ON THE STUMP
Mr. Seward once declared that Andrew Johnson was the best stumper in America.1 However this may be, Johnson lived, moved, and had his being in the home of the "spellbinder." As there were few newspapers in Tennessee before the Civil War, the stump orator was at a premium, the destinies of both political parties depending on which side could "down" the other on the stump.
Thus in 1841 when "lank Jimmy" Jones, born between the plow handles, six feet two inches tall, and weighing a scant hundred and twenty-five pounds, led the Whigs, "he made a monkey of James K. Polk"2 and a great Whig majority was rolled up. On the other hand, in 1855 when Andy Johnson in speeches of two or three hours' length stamped his foot on the neck of Know-Nothingism, "the grand old Democratic party" was a sure winner. In fact, when Andy mounted the stump and set forth the virtues of Democracy "the crowds wept with joy"; but when he denounced the villainous and perfidious Whigs they "clutched the handles of their weapons."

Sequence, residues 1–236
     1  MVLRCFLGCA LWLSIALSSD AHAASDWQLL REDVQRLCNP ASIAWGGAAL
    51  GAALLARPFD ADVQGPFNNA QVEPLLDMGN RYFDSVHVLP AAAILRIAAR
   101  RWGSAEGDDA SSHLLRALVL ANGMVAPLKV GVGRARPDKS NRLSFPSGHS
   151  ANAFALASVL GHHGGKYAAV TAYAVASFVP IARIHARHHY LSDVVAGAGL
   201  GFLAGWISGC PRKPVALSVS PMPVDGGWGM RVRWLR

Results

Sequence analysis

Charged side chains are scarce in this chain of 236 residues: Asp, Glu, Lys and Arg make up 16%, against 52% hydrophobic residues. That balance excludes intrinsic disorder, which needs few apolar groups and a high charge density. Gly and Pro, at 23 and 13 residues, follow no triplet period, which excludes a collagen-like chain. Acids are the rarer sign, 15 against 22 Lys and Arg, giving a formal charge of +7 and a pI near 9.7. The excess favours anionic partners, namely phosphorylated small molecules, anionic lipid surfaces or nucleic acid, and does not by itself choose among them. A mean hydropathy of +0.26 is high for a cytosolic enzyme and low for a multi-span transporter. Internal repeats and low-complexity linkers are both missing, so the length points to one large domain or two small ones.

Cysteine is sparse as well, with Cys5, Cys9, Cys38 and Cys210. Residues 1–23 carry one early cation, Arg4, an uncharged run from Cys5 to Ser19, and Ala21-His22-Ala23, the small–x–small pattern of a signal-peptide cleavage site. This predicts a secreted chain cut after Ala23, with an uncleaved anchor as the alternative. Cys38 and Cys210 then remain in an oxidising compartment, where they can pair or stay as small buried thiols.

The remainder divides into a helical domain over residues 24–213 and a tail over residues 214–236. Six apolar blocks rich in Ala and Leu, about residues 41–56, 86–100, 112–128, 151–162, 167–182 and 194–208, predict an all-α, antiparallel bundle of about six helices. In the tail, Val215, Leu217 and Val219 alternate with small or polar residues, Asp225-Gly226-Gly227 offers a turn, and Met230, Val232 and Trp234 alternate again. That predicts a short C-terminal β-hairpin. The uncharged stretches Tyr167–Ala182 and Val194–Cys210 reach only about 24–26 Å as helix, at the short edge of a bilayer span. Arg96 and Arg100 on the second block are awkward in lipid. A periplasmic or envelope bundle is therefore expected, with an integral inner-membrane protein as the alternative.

During the campaign for Governor between Polk and Jones, the drollery, good temper and graveyard solemnity of "lank Jimmy" filled his party with such enthusiasm, their opponents "fled in dismay, as birds when a falcon is abroad."3
"And what did our man Polk say to-day?" a dismayed Polkite asked a fellow Democrat, who had ventured forth to one of the speakings.
"Oh! Polk made an ass of himself as usual," was the reply; "the idea of talking sense to a lot of d--d fools."
"And what did Jones say?"
" Jones--Jones? Why, I don't know what Jones said, nor____________________